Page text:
[From 1900 Examiner Annual]
THE Town Hall, situate in Ridgeway Street. is a handsome and imposing building. The Town Hall was erected in 1899 from the designs of Mr. Arthur Ardron, F.R.I.B.A. , Westminster, and cost about £12,000. In the building are included Municipal Offices, Council Chamber, Mayors Parlour, Public Library, and Fire Brigade Station.
THESE premises, situate in Victoria Street, Ridgeway Street, and John street. Douglas. have been erected in order to cope with the increasing printing and publishing business of S. K. Broadbent & Co., Limited. The buildings have been erected from the plans of Mr. Armitage Rigby, architect, by Mr. Mark Carine. There are laid down in the building several new and costly English and American machines, and the office is equipped with the most modern printing plant.
THE death of Mr. John Frederick Gill, one of Her Majesty's Deemsters for the Isle of Man, which took place on October 15th, 1899 caused widespread regret throughout the Island. The late Deemster Gill was born in Sicily, but was educated in the Isle of Man, and became a member of the Manx Bar. He was appointed Second Deemster in 1886. He took a great interest in religious, social, and archaeological matters, and was an ardent Manx patriot. He collaborated with his brother, Mr. W. H. Gill, of London, and Dr. Clague, in the publication of the "Manx National Song Book."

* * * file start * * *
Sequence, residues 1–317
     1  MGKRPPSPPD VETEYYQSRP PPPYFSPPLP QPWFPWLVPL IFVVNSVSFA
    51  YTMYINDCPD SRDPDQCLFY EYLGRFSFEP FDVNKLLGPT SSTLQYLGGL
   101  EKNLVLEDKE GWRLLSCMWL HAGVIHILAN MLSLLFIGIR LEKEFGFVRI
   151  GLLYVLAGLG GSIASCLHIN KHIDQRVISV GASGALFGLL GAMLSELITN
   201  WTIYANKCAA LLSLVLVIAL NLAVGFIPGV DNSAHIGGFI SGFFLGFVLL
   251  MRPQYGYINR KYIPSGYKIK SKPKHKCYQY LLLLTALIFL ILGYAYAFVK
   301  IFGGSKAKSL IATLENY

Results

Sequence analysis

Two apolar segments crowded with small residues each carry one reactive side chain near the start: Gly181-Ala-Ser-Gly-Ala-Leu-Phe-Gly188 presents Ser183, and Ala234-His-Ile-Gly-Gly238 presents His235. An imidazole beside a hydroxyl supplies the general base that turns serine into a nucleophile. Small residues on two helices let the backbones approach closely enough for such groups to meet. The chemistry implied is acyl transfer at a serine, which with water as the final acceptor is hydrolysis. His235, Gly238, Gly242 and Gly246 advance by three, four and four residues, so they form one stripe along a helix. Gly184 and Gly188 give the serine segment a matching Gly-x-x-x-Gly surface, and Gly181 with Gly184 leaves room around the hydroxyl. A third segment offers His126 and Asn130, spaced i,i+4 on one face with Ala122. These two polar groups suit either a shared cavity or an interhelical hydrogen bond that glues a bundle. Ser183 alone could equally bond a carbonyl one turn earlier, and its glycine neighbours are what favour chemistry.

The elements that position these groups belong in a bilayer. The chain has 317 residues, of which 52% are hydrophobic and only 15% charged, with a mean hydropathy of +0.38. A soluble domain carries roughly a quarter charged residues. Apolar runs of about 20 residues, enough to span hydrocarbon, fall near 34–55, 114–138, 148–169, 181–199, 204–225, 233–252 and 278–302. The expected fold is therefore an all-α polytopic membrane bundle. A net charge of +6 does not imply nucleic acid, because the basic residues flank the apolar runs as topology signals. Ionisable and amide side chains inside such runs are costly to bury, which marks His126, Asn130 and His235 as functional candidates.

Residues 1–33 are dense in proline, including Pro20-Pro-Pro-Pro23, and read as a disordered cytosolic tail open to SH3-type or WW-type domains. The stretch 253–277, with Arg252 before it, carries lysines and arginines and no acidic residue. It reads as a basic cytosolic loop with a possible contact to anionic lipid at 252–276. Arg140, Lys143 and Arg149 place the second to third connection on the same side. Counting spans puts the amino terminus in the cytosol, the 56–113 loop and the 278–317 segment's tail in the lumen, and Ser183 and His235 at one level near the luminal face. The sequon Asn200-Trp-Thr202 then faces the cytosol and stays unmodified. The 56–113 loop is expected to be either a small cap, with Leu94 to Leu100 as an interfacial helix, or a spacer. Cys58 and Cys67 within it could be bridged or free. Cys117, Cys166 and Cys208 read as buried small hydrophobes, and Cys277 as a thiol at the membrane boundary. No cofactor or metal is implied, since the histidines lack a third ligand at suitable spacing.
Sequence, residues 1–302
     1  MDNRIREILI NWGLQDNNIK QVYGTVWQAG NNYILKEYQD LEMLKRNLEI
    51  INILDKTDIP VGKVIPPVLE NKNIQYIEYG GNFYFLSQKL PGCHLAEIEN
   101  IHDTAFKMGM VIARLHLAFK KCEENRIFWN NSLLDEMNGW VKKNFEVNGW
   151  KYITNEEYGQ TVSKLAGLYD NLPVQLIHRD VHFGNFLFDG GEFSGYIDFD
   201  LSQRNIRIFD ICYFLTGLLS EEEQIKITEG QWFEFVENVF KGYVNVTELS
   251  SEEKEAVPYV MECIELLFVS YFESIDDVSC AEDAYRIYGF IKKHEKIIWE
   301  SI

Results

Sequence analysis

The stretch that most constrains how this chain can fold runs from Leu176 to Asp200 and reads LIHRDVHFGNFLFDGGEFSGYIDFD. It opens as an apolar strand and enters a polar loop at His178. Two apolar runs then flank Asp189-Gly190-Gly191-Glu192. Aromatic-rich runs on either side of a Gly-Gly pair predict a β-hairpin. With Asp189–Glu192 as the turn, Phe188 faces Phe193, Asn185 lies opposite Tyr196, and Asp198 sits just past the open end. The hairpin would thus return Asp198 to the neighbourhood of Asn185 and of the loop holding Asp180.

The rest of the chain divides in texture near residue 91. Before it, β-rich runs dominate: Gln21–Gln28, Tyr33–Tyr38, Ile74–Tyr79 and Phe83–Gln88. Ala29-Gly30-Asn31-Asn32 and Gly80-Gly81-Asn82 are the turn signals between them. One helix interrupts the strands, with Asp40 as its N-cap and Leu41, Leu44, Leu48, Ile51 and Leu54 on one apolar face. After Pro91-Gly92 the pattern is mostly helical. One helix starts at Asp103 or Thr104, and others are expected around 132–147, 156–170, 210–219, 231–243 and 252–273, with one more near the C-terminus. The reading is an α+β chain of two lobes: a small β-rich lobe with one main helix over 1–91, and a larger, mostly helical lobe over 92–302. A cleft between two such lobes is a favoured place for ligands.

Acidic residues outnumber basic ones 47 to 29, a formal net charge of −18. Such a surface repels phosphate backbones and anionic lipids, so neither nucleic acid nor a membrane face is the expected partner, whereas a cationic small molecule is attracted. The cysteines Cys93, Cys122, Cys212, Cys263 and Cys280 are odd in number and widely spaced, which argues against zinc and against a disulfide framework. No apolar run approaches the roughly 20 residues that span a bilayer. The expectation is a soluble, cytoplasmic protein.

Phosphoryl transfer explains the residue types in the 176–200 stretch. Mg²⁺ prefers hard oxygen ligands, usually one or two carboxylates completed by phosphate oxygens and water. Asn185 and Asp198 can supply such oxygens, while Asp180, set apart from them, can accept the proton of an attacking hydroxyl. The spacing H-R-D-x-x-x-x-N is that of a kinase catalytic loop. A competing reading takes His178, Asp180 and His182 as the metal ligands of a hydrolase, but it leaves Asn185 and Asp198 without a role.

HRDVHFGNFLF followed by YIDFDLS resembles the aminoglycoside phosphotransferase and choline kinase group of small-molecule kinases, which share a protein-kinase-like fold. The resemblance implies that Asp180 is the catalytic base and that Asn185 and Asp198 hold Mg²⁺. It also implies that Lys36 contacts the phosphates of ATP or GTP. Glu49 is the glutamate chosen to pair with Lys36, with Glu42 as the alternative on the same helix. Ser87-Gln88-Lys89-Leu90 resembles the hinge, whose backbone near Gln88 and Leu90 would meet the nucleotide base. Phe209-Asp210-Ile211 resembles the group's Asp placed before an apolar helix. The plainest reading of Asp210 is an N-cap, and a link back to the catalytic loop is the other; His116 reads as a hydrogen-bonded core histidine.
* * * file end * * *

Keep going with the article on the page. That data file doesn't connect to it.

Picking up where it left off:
SIR ALLURED DUMBELL, Clerk of the Rolls, was born in the Isle of Man, though of English descent. he was admitted to the Manx Bar in 1858. In the early seventies he was appointed High-Bailiff of Ranlsey, and oil t.5th March, 188o, was preferred to the Judicial Bench of the Isle of Man as Northern Deemster. He was in 1883 appointed Clerk of the Rolls in succession to the late Mr. A. W. Adams. In 1899 his honour was Knighted. During the absence front the Island, through illness, of his Excellency the LieutenantGovernor, Lord Henniker, in the autumn of 1899, his Honour acted as Deputy-Governor.
MR. DALRYMPLE MAITLAND, one of the members of the House of Keys for Middle Sheading. is a son of the late Mr. John Maitland, for many years proprietor of the Liverpool Mercury. In early manhood Mr. Dalrymple Maitland joined his uncle, the late Mr William Dalrymple, M. H.K, in the conduct of the Union mills (woollen and grain), but retired from business several years ago. Mr. Maitland is Chairman ot the Isle of Mail Banking Company; Limited, and is a director of the Isle of Man Steam Packet Company, Limited, and of the Isle of Man Railway Company, Limited.